I'm trying to understand singletons. As an exercise I'm manually defining an instance of SingKind
for a custom List
type:
data List a = Nil  Cons a (List a)
data SList :: List a > Type where
SNil :: SList 'Nil
SCons :: Sing x > SList xs > SList ('Cons x xs)
type instance Sing = SList
instance SingKind k => SingKind (List k) where
type Demote (List k) = List (Demote k)
fromSing :: Sing (a :: List k) > List (Demote k)
toSing :: List (Demote k) > SomeSing (List k)
This definition of toSing
works fine if I patternmatch x
and xs
via a caseof:
toSing (Cons x xs) = case toSing x of
SomeSing singX > case toSing xs of
SomeSing singXs > SomeSing $ SCons singX singXs
But it fails if I pattern match via let:
toSing (Cons x xs) =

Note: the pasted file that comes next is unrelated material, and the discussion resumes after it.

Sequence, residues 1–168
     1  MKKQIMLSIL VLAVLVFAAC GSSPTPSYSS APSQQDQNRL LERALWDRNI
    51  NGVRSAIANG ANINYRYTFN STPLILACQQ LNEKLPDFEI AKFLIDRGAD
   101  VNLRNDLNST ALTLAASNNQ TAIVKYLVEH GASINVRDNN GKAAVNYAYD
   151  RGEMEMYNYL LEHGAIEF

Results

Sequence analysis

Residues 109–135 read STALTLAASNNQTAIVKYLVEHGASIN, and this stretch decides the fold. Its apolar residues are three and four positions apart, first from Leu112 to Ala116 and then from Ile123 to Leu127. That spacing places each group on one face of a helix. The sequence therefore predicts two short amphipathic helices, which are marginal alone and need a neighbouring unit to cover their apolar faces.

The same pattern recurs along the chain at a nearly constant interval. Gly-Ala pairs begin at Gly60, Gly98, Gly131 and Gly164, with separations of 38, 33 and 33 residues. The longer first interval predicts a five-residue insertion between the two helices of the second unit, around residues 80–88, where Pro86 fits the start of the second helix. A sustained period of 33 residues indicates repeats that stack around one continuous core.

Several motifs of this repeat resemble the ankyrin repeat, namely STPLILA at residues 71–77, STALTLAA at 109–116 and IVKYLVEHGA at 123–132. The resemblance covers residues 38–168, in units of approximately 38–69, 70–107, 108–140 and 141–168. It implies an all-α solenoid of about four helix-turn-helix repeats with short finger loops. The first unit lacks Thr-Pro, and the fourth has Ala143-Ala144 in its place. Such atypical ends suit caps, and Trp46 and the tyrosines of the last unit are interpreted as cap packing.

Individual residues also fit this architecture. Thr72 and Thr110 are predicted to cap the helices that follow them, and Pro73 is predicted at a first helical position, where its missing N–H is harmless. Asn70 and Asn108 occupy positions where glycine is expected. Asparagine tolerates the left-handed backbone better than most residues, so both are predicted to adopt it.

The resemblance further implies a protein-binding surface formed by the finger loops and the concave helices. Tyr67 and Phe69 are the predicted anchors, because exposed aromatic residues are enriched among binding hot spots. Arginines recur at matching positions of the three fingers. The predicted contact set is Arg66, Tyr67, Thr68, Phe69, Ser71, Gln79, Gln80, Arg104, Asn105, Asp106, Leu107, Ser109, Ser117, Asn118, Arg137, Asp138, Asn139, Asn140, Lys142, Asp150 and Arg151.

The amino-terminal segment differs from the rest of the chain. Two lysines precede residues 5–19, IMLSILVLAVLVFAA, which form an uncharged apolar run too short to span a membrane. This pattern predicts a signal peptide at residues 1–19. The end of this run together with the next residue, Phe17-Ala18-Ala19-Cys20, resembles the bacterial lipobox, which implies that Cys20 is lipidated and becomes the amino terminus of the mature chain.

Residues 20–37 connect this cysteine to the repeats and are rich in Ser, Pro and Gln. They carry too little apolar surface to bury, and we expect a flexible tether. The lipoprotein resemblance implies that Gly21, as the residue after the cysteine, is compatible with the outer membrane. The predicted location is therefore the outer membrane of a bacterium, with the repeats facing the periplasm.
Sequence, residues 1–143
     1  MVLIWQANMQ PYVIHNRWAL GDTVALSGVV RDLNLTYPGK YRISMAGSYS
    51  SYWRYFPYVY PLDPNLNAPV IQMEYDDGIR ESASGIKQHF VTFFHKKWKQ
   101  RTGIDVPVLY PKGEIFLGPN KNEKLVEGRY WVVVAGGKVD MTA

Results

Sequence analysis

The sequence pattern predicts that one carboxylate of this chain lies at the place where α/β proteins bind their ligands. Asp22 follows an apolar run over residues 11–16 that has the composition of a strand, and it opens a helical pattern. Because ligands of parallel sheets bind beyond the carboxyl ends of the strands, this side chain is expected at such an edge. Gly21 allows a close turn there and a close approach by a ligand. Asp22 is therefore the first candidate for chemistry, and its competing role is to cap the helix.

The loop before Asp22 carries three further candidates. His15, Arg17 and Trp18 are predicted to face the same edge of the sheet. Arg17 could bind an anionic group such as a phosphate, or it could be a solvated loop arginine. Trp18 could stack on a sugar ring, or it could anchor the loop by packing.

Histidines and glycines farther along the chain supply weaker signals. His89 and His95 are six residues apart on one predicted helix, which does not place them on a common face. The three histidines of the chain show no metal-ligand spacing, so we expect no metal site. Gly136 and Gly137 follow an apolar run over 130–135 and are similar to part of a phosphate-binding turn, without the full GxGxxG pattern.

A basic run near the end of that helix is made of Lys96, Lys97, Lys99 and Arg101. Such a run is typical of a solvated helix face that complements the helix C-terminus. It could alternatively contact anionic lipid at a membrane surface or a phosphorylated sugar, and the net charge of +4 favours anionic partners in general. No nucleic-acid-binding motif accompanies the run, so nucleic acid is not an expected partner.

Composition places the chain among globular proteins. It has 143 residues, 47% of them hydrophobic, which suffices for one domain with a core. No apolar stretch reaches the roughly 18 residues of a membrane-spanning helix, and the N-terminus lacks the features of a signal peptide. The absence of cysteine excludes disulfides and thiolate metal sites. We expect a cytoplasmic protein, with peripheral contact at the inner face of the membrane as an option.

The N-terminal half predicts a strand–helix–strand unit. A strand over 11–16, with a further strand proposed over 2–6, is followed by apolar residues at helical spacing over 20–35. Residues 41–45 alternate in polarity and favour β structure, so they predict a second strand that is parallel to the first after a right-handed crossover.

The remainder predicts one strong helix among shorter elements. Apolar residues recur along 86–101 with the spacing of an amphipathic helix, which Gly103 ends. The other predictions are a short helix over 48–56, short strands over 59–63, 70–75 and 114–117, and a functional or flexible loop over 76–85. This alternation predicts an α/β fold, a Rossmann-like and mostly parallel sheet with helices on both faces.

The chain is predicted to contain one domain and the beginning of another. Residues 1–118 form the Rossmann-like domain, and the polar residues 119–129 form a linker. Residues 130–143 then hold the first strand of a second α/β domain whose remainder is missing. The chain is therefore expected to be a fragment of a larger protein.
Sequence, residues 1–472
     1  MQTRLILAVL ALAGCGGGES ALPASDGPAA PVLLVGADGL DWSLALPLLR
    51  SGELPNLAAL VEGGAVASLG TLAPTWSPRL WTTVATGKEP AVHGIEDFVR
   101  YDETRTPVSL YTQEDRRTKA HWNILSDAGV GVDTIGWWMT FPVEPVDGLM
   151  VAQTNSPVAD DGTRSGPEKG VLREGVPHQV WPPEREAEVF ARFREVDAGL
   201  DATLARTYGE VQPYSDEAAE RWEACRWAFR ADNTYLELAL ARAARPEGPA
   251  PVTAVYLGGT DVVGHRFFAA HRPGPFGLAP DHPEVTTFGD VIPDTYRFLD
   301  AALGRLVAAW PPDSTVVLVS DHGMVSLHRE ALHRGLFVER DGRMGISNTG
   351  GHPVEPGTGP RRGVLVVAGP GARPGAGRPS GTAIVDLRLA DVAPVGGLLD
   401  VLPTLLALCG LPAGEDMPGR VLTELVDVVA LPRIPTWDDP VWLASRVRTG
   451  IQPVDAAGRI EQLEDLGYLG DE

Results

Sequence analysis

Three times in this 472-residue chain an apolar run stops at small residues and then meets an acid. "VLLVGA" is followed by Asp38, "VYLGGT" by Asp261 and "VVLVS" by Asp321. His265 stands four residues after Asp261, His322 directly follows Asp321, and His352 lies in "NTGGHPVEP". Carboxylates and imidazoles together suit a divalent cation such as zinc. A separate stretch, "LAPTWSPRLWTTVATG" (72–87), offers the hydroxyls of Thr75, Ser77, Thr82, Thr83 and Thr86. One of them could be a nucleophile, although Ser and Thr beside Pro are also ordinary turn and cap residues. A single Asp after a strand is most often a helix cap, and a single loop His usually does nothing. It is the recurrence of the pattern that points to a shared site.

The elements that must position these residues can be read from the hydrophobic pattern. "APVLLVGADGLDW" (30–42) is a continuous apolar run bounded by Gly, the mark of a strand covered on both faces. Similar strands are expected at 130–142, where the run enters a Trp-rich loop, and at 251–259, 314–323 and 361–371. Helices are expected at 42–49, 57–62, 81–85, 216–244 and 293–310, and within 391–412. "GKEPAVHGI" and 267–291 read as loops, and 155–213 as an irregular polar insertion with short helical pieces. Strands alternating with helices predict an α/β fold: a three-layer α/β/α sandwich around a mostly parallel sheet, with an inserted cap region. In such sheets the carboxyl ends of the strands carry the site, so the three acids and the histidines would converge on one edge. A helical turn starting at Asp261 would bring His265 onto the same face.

let SomeSing singX = toSing x
SomeSing singXs = toSing xs
in SomeSing $ SCons singX singXs
This is the error (another similar one is shown for the following line):
error:
• Couldn't match type ‘x0’ with ‘a’
Expected: Sing @k x0
Actual: Sing @k1 a
• because type variable ‘a’ would escape its scope
This (rigid, skolem) type variable is bound by
a pattern with constructor:
SomeSing :: forall k (a :: k). Sing a > SomeSing k,
in a pattern binding
at door.hs:169:1326
• In the pattern: SomeSing singX
In a pattern binding: SomeSing singX = toSing x
In the expression:
let
SomeSing singX = toSing x
SomeSing singXs = toSing xs
in SomeSing $ SCons singX singXs
• Relevant bindings include
singXs :: SList xs0 (bound at door.hs:170:22)
xs :: List (Demote k1) (bound at door.hs:168:20)
x :: Demote k1 (bound at door.hs:168:18)
toSing :: List (Demote k1) > SomeSing (List k1)
(bound at door.hs:167:5)

 let SomeSing singX = toSing x
 ^^^^^
Can you explain why let bindings behave differently from a caseof and in this case they fail?
let SomeSing singX = toSing x
more or less desugars tolet singX = case toSing x of SomeSing tmp > tmp
, and it may be more obvious why this latter thing is not allowed  indeed, one way to understand existential types is that they prevent exactly that pattern.let
uses lazy pattern matching.